Not many readers will be familiar with floorball. Put simply, it is an intense, fast-paced form of hockey played indoors – much like ice hockey without the ice.
Originating in Scandinavia as an alternative to ice hockey, its popularity is growing, and plans are in place to attempt to have it included in the Olympic Games from 2020.
Floorball is slowly catching on in this country too. Great Britain is currently ranked 29th of the 31 registered floorballing nations, just below the titans of Liechtenstein, but that tide is beginning to turn.
And with its members spread across three separate teams, Warwick is actually home to the largest floorball club in the country.
On the final day of last term, the club, in co-operation with Warwick Sport, organised a groundbreaking event: the world’s first recorded UV floorball tournament, hosted at the university.
With three teams, Warwick is actually home to the largest floorball club in the country
Following on from the success of other sports, the lights were turned off in the Desso Hall to be replaced by the glow of ultraviolet light.
Various clubs and societies were invited to enter a team for the full-sized, six-a-side matches, which resulted in seven teams participating, from Singapore Society to Dodgeball and Pick & Mix.
What’s more, the teams were actively encouraged to come in seasonal dress, and the array of Santa hats and tinsel on display suited the event’s title: Floorbauble.
Floorball club president Phil Redhead said: “We wanted to try something different to help promote the club and the sport, and we don’t think this has ever been done before.
“It wasn’t without its difficulties, but on the whole I think the event went well and the people I spoke to said they really enjoyed themselves, that it was fun for them to try something completely new – especially as most of those playing were not floorballers, so it was their very first experience of the sport.”
The players encountered little difficulty navigating their way around the hall, as the goals, walls, sticks and kit were adorned with high-visibility tape.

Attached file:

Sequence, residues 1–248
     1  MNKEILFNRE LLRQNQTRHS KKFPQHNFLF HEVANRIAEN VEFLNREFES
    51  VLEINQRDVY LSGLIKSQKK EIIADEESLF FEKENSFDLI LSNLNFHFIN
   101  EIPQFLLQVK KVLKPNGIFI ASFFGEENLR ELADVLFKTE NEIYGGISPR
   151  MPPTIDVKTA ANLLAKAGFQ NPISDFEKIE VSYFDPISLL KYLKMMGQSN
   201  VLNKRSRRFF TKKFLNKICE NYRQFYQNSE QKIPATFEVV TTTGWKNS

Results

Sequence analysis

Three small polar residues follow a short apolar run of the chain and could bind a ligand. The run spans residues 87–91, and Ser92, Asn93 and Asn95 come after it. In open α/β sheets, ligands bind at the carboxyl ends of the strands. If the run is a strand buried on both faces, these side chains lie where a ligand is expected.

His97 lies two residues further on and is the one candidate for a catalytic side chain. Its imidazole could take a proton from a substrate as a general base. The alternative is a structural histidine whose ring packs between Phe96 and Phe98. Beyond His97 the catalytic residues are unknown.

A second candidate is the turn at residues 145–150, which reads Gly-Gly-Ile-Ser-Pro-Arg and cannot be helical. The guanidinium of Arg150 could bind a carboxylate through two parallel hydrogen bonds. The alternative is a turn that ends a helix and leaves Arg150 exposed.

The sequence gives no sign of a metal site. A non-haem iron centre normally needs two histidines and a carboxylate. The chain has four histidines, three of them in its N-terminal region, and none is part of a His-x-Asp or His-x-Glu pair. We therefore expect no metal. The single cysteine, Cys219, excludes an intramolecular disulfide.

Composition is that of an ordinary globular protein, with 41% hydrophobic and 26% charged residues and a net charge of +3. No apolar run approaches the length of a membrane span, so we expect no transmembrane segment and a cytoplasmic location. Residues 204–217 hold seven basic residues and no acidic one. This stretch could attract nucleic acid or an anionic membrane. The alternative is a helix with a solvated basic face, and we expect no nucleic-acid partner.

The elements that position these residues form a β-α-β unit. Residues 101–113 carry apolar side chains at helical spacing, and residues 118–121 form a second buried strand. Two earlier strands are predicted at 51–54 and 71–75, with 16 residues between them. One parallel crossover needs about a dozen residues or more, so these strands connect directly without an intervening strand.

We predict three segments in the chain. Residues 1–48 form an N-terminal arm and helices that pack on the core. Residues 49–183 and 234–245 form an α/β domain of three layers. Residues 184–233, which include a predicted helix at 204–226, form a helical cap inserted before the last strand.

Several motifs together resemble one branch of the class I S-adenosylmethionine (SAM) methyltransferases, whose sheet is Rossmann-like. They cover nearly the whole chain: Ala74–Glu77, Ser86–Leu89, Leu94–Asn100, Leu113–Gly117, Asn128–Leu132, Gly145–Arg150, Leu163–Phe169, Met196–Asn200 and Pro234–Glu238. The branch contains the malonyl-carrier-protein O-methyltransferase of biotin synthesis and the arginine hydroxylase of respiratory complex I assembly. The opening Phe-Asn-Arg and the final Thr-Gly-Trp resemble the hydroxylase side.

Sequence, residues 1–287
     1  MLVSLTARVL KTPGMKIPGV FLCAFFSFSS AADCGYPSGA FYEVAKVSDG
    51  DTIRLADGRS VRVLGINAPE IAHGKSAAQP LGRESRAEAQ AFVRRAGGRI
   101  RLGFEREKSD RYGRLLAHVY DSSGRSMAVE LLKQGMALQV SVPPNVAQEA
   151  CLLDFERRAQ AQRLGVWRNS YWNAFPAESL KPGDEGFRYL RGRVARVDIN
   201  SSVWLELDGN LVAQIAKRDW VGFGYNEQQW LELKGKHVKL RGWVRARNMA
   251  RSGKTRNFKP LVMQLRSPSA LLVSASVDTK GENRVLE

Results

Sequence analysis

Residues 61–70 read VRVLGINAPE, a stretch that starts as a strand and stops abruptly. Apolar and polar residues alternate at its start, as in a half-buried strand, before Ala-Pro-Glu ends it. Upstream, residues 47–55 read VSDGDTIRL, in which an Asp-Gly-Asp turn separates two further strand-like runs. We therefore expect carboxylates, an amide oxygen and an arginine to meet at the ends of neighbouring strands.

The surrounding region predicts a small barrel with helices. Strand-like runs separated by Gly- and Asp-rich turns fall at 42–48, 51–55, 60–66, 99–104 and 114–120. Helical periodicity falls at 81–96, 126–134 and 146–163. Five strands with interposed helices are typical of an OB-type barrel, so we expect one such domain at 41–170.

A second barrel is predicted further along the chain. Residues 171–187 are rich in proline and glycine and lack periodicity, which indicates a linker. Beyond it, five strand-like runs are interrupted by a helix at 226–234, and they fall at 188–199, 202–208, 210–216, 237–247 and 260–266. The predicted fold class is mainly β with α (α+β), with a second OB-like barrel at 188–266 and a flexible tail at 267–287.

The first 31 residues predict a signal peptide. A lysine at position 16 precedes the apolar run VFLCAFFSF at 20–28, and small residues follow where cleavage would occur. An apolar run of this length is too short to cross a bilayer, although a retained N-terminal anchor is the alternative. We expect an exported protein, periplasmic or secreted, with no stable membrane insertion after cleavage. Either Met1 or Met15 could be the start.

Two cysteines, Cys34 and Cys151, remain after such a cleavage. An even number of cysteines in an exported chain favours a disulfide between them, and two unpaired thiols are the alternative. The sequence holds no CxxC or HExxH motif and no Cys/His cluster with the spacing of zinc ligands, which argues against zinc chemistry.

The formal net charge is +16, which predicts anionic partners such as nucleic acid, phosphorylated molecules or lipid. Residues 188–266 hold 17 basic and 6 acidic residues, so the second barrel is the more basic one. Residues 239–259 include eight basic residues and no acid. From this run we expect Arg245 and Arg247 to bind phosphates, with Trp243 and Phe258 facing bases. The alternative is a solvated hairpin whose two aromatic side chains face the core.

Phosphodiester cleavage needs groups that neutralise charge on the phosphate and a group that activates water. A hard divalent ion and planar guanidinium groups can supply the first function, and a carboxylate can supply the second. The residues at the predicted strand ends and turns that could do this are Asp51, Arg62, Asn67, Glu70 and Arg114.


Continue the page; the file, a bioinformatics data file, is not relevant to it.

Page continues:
The main issue, though, was how to make the ball as visible as possible. The UV paint it had been covered with did not last long, and the trouble of keeping up with an eternally fast-moving ball in such conditions proved to be a great leveller.
As a result, every game was competitively fought, including the final, which saw Mixed Hockey and Just Stoke go to penalties after a 1-1 draw, with the latter emerging victorious.
Captain of the Just Stoke team Carl Oliver said: “It was an exciting tournament despite us not always showing great skill.
“The game was very easy to get your head around, and the occasional inability to see the ball really levelled the playing field, resulting in a fun and competitive tournament.”
The problem with seeing the ball did meet a solution towards the latter stages of the tournament, as the UV tape gracing the sticks was added to the ball, which only slightly affected its mobility.
While this issue proved to virtually aid the players’ enjoyment, the goalkeepers and referees found their job all the more challenging.
The flow of play was thus seldom interrupted by barely visible infringements, and the goalkeepers were given a very stern test.
The trouble of keeping up with an eternally fast-moving ball in such conditions proved to be a great leveller
Chandru Lekraj, goalkeeper for the club’s second team, insisted: “It was almost impossible to see the ball as a goalkeeper, so most saves I made were just pure luck!
“Overall, though, it was great fun and an event I hope will be done again next year.”
Following this endeavour, floorball can now be added to the list of clubs which have teamed up with Warwick Sport to successfully try out UV.
These include squash and zumba, while a UV Roller Disco is set to take place in the early part of this term.
Warwick Floorball Club, however, now holds the honour of having hosted the world’s first recorded UV floorball event; something they take pride in as they look to boost membership yet further.
Redhead went on: “The club has grown hugely in the last three years, which has meant we’ve been able to put on events like this. It’s really encouraging to see something that’s very underrepresented in the UK being played and talked about on campus.
“We would definitely consider doing it again, and we’re also currently looking at other potential exciting events to try to raise more awareness of the sport.”
The sport is effectively a new innovation in the UK, and the UV event was certainly an innovative idea, but one which proved a hit and provided a great afternoon’s entertainment to herald the end of the sporting year.[related_posts_by_tax columns="4" posts_per_page="4" format="thumbnails" image_size="medium" exclude_terms="34573"]